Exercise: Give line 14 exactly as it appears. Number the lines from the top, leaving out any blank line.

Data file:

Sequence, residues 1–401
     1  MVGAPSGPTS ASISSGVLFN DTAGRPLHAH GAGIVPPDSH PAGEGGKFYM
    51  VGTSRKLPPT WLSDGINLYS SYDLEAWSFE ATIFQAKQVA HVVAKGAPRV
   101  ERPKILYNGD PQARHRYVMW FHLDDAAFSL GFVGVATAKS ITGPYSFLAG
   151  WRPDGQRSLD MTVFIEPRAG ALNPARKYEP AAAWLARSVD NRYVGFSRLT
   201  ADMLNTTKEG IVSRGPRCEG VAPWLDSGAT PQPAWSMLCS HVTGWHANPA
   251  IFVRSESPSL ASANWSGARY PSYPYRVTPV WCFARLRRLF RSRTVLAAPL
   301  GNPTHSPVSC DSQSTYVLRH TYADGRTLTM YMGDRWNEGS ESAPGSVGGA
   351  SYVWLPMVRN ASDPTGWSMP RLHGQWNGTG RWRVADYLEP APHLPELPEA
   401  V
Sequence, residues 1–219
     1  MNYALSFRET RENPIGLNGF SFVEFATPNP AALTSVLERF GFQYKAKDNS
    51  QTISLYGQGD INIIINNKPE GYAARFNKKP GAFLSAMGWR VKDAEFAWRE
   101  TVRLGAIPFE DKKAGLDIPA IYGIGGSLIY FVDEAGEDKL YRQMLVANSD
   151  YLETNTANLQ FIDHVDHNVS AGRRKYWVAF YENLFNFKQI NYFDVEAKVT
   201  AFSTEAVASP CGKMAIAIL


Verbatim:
   101  TVRLGAIPFE DKKAGLDIPA IYGIGGSLIY FVDEAGEDKL YRQMLVANSD